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Panama: Proposed Legislation to Prevent Discrimination due to Sexual Orientation

The Panamanian National Assembly started to discuss a new law that would protect people from discrimination on the basis of sexual orientation.

Dayra García, from the website Corresponsales Clave [es], wrote:
La Comisión de Gobierno, Justicia y Asuntos Constitucionales de la Asamblea Nacional aprobó en el primer debate (con cinco votos a favor y uno en contra) el Anteproyecto de Ley No 50, “que dicta medidas para prevenir los actos de discriminación por razones de orientación sexual e identidad de género” y que fue presentado por la Asociación de Hombres y Mujeres Nuevos de Panamá (AHMNP).
The National Assembly's Commission of Government, Justice and Constitutional Affairs approved during a first debate (five votes to one) the proposal of Law No. 50, “which dictates measures to prevent discriminatory acts based on sexual orientation and gender identity” and that was presented by the Association of New Men and Women of Panama (AHMNP).
The article also quotes Ricardo Beteta, the president of the AHMNP [es]:
La falta de una legislación contra la discriminación hacia la población gay, lésbica, bisexual y trans coloca al país atrás de la tendencia internacional de extender derechos a personas de diferente orientación sexual.
The lack of legislation against discrimination toward gays, lesbians, bisexual and transgender individuals positions the country behind an international trend to extend rights to the population with different sexual orientation.
The subject has caused controversy. According to an article published by the news portal Enterate [es], the Panamanian Archbishop, Jose Domingo Ulloa, explained that:
Esta ley es muy delicada y muy problemática porque al final también va a discriminar a otros grupos…No es un proyecto válido en estos momentos y realmente trae más confrontación y discriminación.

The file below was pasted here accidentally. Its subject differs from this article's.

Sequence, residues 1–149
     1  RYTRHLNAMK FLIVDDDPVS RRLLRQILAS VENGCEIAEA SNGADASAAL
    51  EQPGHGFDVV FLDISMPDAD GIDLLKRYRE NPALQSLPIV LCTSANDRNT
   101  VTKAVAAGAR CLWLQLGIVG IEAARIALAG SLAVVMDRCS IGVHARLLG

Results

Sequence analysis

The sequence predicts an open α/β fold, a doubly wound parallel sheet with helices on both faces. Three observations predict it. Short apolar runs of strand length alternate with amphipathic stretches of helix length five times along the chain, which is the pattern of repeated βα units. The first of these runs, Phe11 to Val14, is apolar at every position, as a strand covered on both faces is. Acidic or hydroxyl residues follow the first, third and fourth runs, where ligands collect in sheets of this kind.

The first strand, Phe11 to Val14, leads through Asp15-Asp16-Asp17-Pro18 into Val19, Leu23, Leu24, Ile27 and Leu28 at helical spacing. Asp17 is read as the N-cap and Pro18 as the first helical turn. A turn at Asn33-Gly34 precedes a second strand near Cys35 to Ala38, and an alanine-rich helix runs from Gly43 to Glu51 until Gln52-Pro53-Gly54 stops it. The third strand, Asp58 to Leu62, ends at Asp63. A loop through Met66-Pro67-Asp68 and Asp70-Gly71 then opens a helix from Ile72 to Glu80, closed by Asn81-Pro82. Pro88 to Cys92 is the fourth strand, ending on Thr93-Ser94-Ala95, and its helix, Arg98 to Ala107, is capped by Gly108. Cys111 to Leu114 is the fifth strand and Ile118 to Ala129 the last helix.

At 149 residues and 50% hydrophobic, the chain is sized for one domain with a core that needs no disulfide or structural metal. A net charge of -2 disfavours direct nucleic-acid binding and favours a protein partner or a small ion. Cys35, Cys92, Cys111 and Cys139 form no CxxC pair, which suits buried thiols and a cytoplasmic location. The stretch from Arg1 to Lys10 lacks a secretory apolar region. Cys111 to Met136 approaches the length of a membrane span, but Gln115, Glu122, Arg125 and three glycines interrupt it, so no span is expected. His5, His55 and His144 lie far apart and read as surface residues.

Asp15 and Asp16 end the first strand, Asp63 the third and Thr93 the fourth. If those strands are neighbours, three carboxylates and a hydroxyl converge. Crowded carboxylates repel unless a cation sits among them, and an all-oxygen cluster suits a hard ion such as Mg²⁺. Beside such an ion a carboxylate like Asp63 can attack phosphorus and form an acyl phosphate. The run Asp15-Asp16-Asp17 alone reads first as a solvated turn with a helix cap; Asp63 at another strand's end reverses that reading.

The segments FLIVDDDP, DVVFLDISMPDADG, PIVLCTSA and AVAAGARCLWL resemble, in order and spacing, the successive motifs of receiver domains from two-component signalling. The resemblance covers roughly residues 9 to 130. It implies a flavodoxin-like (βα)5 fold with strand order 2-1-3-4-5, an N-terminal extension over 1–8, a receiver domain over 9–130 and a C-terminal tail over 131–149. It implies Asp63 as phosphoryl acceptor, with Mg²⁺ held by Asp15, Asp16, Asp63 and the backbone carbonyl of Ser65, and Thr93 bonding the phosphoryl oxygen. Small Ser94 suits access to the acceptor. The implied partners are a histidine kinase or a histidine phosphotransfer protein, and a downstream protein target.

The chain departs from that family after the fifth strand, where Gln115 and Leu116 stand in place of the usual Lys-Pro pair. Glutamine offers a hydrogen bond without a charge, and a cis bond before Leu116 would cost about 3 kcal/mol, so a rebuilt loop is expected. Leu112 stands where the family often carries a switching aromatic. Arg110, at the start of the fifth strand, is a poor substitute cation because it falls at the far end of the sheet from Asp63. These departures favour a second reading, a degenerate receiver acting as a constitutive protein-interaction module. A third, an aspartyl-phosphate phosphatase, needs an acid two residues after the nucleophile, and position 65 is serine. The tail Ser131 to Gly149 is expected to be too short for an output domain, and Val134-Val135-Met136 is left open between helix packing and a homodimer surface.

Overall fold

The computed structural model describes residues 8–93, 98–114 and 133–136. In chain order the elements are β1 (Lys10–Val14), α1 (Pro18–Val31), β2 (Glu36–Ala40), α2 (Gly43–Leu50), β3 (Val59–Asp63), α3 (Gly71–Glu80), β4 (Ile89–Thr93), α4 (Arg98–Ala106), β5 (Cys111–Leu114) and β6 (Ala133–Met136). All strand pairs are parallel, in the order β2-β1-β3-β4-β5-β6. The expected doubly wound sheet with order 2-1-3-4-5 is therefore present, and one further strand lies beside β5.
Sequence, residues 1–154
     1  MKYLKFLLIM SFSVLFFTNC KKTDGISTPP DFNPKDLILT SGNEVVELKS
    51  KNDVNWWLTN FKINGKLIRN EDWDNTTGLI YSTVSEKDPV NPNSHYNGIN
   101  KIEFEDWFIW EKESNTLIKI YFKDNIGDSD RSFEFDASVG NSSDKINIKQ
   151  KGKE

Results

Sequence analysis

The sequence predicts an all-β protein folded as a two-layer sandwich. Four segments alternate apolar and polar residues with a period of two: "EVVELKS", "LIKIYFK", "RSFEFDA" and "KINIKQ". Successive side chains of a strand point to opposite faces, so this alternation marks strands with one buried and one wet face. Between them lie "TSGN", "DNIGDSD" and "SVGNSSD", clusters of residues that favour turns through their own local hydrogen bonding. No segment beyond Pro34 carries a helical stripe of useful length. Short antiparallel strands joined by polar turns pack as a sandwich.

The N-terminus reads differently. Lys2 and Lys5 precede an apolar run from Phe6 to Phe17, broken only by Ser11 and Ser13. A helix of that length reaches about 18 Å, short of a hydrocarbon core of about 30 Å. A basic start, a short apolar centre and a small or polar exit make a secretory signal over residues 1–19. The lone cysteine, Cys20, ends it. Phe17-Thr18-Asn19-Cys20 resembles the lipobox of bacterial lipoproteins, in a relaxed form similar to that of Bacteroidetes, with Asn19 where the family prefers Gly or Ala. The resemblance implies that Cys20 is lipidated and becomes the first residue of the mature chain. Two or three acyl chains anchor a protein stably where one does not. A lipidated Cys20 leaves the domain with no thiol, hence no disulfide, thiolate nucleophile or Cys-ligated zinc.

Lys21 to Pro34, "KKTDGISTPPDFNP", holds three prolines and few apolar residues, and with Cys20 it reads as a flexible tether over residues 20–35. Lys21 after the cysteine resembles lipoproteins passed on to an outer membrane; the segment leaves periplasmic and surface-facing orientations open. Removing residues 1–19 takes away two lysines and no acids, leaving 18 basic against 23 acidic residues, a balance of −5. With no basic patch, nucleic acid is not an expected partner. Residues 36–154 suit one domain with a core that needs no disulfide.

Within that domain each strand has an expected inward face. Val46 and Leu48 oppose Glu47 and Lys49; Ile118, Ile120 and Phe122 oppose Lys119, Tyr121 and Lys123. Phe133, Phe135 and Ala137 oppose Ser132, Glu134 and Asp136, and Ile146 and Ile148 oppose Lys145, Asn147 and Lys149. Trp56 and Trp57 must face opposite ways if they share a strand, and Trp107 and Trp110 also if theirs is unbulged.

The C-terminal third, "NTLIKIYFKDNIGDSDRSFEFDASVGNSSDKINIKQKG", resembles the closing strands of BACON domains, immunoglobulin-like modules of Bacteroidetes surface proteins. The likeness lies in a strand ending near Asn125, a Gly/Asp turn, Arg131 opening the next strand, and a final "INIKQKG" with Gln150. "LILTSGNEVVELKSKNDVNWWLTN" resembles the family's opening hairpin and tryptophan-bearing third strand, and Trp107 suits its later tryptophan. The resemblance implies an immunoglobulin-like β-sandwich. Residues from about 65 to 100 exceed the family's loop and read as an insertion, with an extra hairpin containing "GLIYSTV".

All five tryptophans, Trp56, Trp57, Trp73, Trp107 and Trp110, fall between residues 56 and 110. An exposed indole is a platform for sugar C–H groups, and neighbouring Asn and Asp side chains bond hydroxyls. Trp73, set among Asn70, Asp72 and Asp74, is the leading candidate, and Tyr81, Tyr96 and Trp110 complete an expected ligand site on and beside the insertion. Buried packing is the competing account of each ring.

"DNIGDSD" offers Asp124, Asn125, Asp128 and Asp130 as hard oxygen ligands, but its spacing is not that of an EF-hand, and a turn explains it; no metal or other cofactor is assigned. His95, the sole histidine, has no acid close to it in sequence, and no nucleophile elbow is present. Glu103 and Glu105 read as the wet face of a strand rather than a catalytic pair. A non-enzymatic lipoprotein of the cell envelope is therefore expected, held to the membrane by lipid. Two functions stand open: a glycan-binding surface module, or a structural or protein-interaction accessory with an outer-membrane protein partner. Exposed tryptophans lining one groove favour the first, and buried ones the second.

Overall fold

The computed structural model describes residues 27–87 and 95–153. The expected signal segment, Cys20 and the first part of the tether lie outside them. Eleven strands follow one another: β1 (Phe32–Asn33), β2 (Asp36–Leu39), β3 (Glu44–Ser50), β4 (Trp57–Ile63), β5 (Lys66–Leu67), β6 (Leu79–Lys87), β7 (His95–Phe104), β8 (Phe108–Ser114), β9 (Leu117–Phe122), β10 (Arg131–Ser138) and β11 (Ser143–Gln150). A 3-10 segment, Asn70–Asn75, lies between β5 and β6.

This law is very sensitive and problematic because at the end it is also going to discriminate against other groups…It is not a valid proposal in this moment and it really brings more confrontation and discrimination.
The same article explained that the Archbishop:
se inclina por “crear una cultura de no discriminación”, algo que a su juicio ya está contenido en la actual Constitución panameña.
leans toward the “creation of a culture of non-discrimination”, something that from his point of view is already included in the current Panamanian Constitution.
This article also points out that there is the concern that this proposed legislation is the preface for a debate about marriage and adoptions rights for same-sex couples, something that has been denied by the group promoting the law.

Image by Flickr user Marlith used under an Attribution 2.0 Generic Creative Commons license

Alvaro Gomez Prado, in his blog Al Ser Distinto: Psicología y Diversidad [es], urged his readers to follow the news about Law 50, which is currently being discussed by the National Assembly:
La intención del proyecto de ley no es lograr el matrimonio homosexual, sino proteger la seguridad y la salud de la comunidad sexualmente diversa. No permitan, mis respetados lectores, que les lave el cerebro quien se opone a reconocer los derechos humanos de los grupos minoritarios. No importa si son Psicólogos, Periodistas, Políticos, Empresarios, Artistas o Padres de familia. Porque lo más seguro es que lo hagan por razones personales que les impiden reconocer que todos los seres humanos somos igualmente humanos y que es un día muy triste el día cuando aceptamos la agresión (institucionalizada o no) hacia nuestros semejantes.